The Bentong MP and MCA president revealed a series of development plans in progress to reach this goal. "Let everyone witnesses how this small town transformed into a prosperous place," he told the people here at Bentong MCA's Chinese New Year open house on Saturday. He also announced a roadshow would be held to inform the people on the progress of these plans while seeking feedback to further map out the direction for the town. Liow also said that the national-level Chinese New Year open house would be held here on Feb 12. Earlier in Kuala Lumpur, Liow handed out Chinese New Year goodies to nearly 1,000 elderly and less fortunate people at a charity programme organised by the Welfare Society of Loke Yuen Pudu KL.

     

     

  • Cool Retreat

     

    The Star, Saturday, 4 February 2017

    by Foong Pek Yee

     

    A cool retreat amid fruit trees

     

    There are more than 1,000 trees in the orchard and some of them are over 70 years old. Musang King and D24 Mangosteen star fruit, coconut, jambu

    MALAYSIANS were taken back in time to the days of the Ming and Qing Dynasty in China during the national-level Chinese New Year open house in Bentong, Pahang. The main gates of the Forbidden City provided a fitting backdrop on stage while LED graphics complemented the theme and performances. From the performances by the ‘Terracotta Warriors’ to a blue and white porcelain dance, it was truly a magical trip to the past. About 20,000 spectators were also entertained by the “four ancient beauties of China” in a 10-minute musical.

     

    There are more than 1,000 trees in the orchard and some of them are over 70 years old. Musang King and D24 Mangosteen star fruit, coconut, jambu

    There are more than 1,000 trees in the orchard and some of them are over 70 years old. “We have more than 10 types of local fruit trees here, with most being durian, including the Musang King and D24 (species), and mangosteen. “The others are star fruit, coconut, jambu, longan, langsat, mangoes, papaya, sugarcane, pineapple and nangka,” said Xia in her Beijing Mandarin as she took the reporter on a tour of the orchard. Located about 5km from Bentong town, the orchard does not have electricity or piped water supply. “We use solar energy and water from the hills. “We have a generator to use the air conditioner on very hot days,” Pui said. According to Xia, the temperature in their orchard hovers around 20° Celsius at night, which is just nice for them. The orchard, which started as a weekend retreat initially, is now their permanent residence, she added.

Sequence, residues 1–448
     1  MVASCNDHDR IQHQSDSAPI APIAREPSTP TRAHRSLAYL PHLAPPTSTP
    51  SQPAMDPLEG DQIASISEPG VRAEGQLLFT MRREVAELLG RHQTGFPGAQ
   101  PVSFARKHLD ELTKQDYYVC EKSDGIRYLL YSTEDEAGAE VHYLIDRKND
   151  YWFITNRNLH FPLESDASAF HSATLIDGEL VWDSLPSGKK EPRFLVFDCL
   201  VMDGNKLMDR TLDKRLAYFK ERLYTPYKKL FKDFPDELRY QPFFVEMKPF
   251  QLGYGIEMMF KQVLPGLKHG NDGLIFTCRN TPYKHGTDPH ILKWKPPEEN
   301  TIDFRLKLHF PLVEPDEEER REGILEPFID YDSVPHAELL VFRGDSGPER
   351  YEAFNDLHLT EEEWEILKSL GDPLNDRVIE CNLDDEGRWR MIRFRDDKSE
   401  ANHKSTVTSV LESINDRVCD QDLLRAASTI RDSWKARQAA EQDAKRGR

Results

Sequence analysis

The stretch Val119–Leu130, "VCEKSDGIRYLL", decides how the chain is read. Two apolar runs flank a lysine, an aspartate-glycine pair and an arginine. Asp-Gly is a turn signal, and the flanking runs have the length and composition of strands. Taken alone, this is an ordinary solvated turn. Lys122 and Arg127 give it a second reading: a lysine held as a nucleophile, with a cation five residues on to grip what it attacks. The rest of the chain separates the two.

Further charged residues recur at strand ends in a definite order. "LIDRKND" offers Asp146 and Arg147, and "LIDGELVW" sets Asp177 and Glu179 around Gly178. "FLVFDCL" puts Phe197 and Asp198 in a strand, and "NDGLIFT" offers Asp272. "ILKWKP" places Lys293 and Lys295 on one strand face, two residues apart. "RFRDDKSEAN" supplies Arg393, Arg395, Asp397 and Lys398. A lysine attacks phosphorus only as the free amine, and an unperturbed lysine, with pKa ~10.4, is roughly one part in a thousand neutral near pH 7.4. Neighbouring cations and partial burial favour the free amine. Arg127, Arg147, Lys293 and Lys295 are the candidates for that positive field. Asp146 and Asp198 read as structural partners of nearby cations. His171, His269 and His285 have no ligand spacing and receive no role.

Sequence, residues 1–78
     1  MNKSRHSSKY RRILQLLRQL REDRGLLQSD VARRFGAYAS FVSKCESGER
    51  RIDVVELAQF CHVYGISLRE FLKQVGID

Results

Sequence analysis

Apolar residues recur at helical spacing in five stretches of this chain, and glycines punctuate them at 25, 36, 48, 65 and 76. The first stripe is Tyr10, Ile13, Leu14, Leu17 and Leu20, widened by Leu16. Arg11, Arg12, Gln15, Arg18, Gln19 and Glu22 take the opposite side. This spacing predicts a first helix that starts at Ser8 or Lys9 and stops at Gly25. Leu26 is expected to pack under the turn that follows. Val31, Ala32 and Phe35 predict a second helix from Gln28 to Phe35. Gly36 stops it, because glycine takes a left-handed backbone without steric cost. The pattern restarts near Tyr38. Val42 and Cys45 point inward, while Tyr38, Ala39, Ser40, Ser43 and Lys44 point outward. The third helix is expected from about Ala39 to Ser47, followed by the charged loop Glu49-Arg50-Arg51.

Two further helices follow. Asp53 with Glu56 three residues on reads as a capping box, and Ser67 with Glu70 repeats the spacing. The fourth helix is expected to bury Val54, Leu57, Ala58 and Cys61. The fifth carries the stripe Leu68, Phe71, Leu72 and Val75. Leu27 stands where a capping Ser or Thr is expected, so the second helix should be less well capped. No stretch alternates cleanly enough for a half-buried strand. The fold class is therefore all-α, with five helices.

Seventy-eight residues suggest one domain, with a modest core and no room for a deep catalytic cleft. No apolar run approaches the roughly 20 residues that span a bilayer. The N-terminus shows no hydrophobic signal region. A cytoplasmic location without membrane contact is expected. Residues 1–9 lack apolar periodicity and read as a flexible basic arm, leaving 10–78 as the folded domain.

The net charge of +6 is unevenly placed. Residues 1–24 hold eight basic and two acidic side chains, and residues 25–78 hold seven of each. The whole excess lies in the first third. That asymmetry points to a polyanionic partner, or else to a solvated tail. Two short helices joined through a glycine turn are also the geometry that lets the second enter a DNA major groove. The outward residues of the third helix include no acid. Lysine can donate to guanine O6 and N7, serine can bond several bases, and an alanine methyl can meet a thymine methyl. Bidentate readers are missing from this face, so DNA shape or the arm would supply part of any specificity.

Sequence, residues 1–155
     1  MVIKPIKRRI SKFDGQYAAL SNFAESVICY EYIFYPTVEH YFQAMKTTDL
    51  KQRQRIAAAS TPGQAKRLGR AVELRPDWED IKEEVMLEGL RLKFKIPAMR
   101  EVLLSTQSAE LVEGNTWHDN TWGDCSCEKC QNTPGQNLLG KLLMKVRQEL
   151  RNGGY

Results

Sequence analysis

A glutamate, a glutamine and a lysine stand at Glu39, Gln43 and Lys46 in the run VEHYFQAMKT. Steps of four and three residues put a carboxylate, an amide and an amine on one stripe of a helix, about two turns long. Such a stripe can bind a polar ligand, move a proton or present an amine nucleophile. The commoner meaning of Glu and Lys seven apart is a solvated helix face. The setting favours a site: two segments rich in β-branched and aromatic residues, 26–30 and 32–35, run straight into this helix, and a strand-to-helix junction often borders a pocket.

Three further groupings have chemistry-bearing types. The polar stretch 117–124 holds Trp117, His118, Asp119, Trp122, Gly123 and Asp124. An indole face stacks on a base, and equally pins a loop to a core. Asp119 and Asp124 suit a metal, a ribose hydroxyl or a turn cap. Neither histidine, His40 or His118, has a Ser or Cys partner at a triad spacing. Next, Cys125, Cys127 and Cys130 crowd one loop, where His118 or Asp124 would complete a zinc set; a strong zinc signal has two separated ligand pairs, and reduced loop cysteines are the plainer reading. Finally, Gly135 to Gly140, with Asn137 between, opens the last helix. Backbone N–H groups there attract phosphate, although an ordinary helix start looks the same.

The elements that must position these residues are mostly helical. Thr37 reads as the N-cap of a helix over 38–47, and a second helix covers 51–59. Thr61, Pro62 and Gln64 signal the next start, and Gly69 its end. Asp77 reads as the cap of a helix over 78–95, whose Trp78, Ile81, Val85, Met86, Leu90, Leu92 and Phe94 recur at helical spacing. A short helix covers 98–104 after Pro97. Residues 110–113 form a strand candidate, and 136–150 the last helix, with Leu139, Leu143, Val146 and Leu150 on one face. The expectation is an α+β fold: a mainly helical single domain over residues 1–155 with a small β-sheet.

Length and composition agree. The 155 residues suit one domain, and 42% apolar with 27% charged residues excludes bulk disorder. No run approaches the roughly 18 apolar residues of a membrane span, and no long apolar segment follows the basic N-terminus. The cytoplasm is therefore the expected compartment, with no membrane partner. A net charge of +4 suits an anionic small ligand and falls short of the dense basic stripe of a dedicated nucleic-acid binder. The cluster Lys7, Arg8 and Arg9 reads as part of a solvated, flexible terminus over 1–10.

There are more than 1,000 trees in the orchard and some of them are over 70 years old. Musang King and D24 Mangosteen star fruit, coconut, jambu

    Xia said she and her mother Chu Ba-Li, in her 80s, not only enjoy the natural environment and fresh air but also plant flowers and vegetables in their compound. “My mother-in- law always says 10,000 people surround one tree in Beijing. In Bentong, one person is surrounded by 10,000 trees,” quipped Pui, visibly proud of his orchard. A self-professed nature lover, Pui’s tagline for Bentong is: “Think of nature, think of Bentong”. Surrounded by hills and natural water sources, he said the land in Bentong is fertile and perfect for agro and eco tourism. The 54-year- old Pui, who had worked in several countries, including China, the Philippines, Thailand and Vietnam prior to retirement five years ago, said Bentong’s strategic location and proximity to Kuala Lumpur is another plus factor. His two sons live in a condominium in Kuala Lumpur which is less than an hour’s drive away from Bentong. Pui, who has an agarwood business, said his friends and business associates also share his love for Bentong.

     

    There are more than 1,000 trees in the orchard and some of them are over 70 years old. Musang King and D24 Mangosteen star fruit, coconut, jambu

    The fresh air, lush greenery, distant hills, birds chirping and sounds of insects make it an ideal retreat for them. The orchard commands a panoramic view of the distant hills and Xia said their guests enjoy taking walks and having a durian feast while enjoying the scenery. Pui and Xia like to entertain their friends and business associates in the orchard. “It is about durian parties. Some also come for holidays or short stays,” said Pui, who has three chalets for his guests.